One project that I admire profoundly is Hyper-Reality, a concept film by Keiichi Masuda. The garishness of a virtual reality user interface overlaying everything that the main character sees is horrifying in its decadence, but still – the viewer can’t help but find it beautiful and feel a certain longing to try it out for themselves. I admire the artist’s ability to create something so horrifying, but so alluring at the same time.
Do Not Touch
One project that surprised me was Do Not Touch by Moniker. I opened the page not knowing what to expect, and felt like I was participating in this huge activity with many people. But after it was over, I learned that the other cursors I was seeing were the projections of people who had gone before me, which was really surprising. Do Not Touch was a really interesting and surprisingly voyeuristic experience, which allowed the participant the freedom to do as they wanted, but also allowed them to see in a very graphic and interesting way how other people reacted to prompts. The fact that their refusals to cooperate turned into very interesting and irreverant visuals, or the herd mentality resulted in a mesmerizing swarm, made this peek into human reactions incredibly beautiful.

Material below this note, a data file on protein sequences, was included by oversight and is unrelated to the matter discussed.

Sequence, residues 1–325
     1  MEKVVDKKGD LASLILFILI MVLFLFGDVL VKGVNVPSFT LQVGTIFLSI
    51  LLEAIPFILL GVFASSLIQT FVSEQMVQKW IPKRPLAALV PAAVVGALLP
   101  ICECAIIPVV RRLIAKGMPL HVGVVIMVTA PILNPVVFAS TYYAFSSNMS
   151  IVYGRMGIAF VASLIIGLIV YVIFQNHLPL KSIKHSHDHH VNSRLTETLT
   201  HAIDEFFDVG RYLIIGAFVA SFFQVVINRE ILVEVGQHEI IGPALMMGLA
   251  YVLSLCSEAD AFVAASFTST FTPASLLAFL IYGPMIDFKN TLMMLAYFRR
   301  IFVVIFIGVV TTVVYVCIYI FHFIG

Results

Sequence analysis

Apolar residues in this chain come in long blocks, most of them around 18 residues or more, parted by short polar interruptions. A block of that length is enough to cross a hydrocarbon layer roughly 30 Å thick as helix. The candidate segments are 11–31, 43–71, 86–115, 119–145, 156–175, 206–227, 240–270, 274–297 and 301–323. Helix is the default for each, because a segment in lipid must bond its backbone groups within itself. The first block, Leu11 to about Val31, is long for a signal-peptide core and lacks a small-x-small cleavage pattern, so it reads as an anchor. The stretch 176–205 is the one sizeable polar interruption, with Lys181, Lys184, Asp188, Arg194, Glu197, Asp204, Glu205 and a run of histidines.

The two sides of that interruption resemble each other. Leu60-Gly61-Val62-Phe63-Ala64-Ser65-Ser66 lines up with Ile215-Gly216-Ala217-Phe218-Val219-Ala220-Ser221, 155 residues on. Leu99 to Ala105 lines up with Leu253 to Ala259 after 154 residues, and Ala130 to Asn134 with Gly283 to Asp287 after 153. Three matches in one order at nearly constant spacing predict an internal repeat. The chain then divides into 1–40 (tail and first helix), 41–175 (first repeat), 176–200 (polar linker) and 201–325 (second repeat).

Elegy for a Dead World
One project that could have been great, but disappointed me, was the game Elegy for a Dead World, by Dejobaan Games. Elegy for a Dead World is a game where you explore worlds inspired by famous poets, and practice your creative writing along the way, theoretically sharing your writing with other players upon completion of each world. The concept was incredible, and the art captivating, but the game lacked the magnetic pull to keep players intrigued. There was nothing exciting or engaging about participating in the creative process of storytelling, which grew boring long before even the first level was completed. I was really disappointed by how they managed to make telling a story boring, even though they did a lot of things right.